The idea of holding a Festival about Russian literature and culture, mainly intended for American youth of various backgrounds, required much thought and a studied approach, especially since it had, to a certain extent, an academic level of round-table discussions. It was an unanimous decision of the Organizational Committee, that two working days of the Festival, fully dedicated to address Dostoyevsky’s contribution to the world literature, will be sufficient at least to assess his role in Modern American Thought. Daily sessions consisted of selected themes with introductory reports followed by round-table discussions followed by screenings of three movies based on his novels (“Boys,” “Crime and Punishment” and “The Brothers Karamazov”). The writer’s great- great-grandson, Alexei Dimitriyevich Dostoyevsky was invited as the Honorable President of the Organizational Committee and participated as a guest-speaker (he played the principal role in a movie based on the chapter 10 from “The Brothers Karamazov” – “Boys”). His reminiscences from acting in this movie when he was 15 years of age, were highly appreciated by the audience. Russian actor and reader, Yuriy Dobrovolsky, added to the authenticity of the presentation of Dostoyevsky’s opus by delivering in an oratorical way some excerpts from his speech glorifying Alexander Pushkin (given in June 1880).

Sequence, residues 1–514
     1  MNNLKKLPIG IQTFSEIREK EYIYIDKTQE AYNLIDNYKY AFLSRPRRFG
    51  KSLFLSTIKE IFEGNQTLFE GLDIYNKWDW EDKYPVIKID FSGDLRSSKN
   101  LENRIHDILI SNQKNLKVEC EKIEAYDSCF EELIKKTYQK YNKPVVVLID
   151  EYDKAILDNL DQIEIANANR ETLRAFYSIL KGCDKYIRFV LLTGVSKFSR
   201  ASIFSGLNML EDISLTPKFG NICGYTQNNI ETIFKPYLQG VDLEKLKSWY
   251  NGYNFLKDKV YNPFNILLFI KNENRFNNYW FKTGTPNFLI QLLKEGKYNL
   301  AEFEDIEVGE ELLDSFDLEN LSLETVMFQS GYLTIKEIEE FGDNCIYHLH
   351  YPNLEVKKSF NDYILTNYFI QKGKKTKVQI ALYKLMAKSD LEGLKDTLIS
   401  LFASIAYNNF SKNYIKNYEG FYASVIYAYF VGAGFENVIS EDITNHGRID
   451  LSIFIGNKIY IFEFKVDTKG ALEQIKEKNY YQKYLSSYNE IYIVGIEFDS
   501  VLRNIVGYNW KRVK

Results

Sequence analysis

During the Festival was presented an art show of paintings-portraits by a contemporary Russian artist, Sergey Morozov - it created an appropriate ambience in the Karl Anatol Center, where most of the activities took place. The key exhibit was his portrait of F.M. Dostoyevsky (36”x 48”), replica of a famous painting by Vasili Perov, offered through auction at the closure of the Festival, together with four smaller (12”x16”) replicas of his well-known portraits (sold all of them).